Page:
Black Lives Matter In The Environmental Movement

Photo by Life Matters on Pexels.com

C.S. Sherin, July 28, 2020, updated July 29, 2020

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Intersectional Environmentalism

In case you missed it, GreenGirlLeah (Leah Thomas) on Instagram officially coined a phrase that is much needed in the Eco/Sustainability/Green movement, and that term is Intersectional Environmentalism. Leah Thomas is speaking from a depth of knowing and expertise as an environmentalist, about the importance of seeing the interconnectedness of racial justice and environmental justice.

There are many of us who have always stood by the fact that issues of human rights, racism, and other forms of discrimination are an integral understanding related to needed action and responses to our environmental movements and crises. At the same time, this understanding has often been rejected by major players in the movement.

For those of you who have read my book that this site is based on (Recipe For A Green Life), you know that I did integrate issues of human rights and activism in the book, particularly focusing on activism, and how Native Americans and Indigenous peoples around the world are endangered, violated, and murdered for standing up to protect resources and the environment. Overall, the most vulnerable and chronically and historically discriminated against in our society are the first to suffer from these crises.

While I spoke in general terms, in the book, about how the poor and marginalized in our society are the most vulnerable and lost in the movement, I didn’t particularly name or address specifically how important Black (and people of color) issues, voices, and needs are in relation to the environmental movement. So, I want to provide some resources for that need now.

Leah Thomas became more recognized in the midst of the protests against police brutality that began during this pandemic. However, it was the murder of Michael Brown by police, and the subsequent protests in Ferguson, Missouri, that helped Thomas to fully integrate her wisdom into her passion for environmentalism. Green Girl Leah’s wisdom and expertise has thankfully been lifted to greater visibility. Please check out her IG account, and her new website — an inspiring, diverse, inclusive collaboration, called Intersectional Environmentalism. This site has also been added to our Resources page.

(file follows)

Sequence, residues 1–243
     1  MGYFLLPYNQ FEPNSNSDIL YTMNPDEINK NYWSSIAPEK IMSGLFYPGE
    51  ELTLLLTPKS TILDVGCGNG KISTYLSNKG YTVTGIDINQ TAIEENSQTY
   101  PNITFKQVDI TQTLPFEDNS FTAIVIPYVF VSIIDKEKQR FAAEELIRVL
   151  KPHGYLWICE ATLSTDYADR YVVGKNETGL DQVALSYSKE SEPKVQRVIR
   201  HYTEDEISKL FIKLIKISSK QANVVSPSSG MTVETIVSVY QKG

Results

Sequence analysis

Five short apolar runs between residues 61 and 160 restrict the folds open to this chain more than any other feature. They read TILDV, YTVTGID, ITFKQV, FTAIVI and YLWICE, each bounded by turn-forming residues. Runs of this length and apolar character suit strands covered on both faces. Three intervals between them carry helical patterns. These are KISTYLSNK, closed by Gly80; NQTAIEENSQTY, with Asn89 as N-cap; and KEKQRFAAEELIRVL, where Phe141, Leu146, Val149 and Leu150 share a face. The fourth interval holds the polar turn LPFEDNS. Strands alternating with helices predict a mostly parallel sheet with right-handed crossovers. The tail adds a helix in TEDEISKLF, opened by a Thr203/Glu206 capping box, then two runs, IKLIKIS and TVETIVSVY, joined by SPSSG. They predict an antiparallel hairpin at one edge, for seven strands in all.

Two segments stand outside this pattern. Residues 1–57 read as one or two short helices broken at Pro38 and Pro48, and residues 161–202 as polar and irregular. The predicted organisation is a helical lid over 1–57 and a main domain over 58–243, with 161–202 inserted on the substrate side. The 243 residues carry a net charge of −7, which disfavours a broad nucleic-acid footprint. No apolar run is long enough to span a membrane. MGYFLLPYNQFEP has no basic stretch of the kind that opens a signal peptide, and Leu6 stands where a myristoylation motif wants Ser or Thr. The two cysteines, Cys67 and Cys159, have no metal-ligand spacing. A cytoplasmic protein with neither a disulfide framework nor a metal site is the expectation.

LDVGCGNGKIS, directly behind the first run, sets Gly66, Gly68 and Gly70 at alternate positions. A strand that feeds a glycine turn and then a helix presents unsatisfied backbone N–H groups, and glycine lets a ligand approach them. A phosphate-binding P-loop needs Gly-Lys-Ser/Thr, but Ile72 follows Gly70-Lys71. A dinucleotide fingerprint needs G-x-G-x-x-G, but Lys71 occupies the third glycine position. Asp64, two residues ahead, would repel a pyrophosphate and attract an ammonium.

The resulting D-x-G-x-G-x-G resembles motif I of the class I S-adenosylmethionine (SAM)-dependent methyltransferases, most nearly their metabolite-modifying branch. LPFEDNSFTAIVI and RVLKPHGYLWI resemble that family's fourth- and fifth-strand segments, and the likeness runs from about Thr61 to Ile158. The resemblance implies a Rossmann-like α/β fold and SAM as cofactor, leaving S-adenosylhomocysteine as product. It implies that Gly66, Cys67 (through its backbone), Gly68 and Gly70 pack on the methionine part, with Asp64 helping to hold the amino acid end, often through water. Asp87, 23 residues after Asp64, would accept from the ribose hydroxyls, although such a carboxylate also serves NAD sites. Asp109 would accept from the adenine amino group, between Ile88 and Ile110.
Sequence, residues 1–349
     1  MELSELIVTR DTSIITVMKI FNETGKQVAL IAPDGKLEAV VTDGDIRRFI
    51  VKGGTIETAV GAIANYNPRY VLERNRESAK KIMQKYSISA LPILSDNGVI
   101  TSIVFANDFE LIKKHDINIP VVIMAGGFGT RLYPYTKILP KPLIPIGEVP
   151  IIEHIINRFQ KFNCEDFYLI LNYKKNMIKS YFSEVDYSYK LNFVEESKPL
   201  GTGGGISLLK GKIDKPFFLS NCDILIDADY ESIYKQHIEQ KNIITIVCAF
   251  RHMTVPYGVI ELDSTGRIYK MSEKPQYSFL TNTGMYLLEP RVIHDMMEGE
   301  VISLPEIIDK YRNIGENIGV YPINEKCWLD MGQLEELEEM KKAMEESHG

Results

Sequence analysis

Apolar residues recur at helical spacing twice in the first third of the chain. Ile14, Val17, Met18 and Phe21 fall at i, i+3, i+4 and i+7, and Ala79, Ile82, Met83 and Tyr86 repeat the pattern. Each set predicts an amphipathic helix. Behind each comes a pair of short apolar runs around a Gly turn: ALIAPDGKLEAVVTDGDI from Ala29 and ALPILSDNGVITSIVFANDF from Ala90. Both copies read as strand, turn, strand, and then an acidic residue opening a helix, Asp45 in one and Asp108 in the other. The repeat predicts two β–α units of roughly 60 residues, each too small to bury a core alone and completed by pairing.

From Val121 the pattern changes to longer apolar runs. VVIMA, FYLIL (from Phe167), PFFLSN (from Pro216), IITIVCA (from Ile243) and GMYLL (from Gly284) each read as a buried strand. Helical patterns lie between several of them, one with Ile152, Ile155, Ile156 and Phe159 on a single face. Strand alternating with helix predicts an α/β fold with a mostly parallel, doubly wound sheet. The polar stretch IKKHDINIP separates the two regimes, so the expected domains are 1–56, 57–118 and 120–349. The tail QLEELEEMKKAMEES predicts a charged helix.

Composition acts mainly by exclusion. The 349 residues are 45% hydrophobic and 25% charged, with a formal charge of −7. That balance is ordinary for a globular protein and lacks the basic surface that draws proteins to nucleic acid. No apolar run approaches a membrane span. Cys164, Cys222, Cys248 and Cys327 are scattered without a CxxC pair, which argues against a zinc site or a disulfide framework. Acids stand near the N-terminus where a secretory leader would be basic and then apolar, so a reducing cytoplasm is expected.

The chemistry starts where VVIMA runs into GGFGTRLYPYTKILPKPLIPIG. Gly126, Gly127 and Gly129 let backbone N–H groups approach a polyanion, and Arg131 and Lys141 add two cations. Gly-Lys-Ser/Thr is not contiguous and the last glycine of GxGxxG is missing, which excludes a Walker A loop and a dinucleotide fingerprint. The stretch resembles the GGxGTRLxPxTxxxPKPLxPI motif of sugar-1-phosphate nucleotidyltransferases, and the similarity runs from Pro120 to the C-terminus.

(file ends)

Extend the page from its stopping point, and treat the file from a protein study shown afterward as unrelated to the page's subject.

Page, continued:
It was a joy to discover Leah on IG and to read the eloquent and essential expressions of inclusion and holistic awareness in her posts during this time of upheaval, new awareness, and growth — as protests all across the US and around the world erupted and still go on in response to the police murder of George Floyd.


We still await justice for so many, including Breonna Taylor and Elijah McClain.


I highly recommend some interviews and articles by Leah, which are well worth your time:

Environmental Justice And Racial Justice Are Interlinked

Another inspiring Black woman whose voice and work are so needed in the environmental movement is Marine Biologist working for Environmental and Racial Justice, Dr. Ayana Elizabeth Johnson (AyanaEliza on IG). You can also find her on her website, AyanaElizabeth.com.

Here are some articles by Dr. Ayana Elizabeth that I highly recommend:

Anti-Racism

At the beginning of June I wrote a resource-laden piece related to the protests against police violence and the murder of George Floyd by police. Here is a link. It is an article that is meant as a helpful resource for White people specifically.

Since we are all born into systemic racism, it is an ongoing and daily process of unlearning and becoming aware of unconscious, spoken and unspoken systemic racism that has been embedded in our collective and personal conditioning as people in this society. Even if we have been dedicated to racial justice and inclusivity and diversity our whole lives, even if we continue to educate and practice anti-racism, we will find that there is more work to be done and undone.

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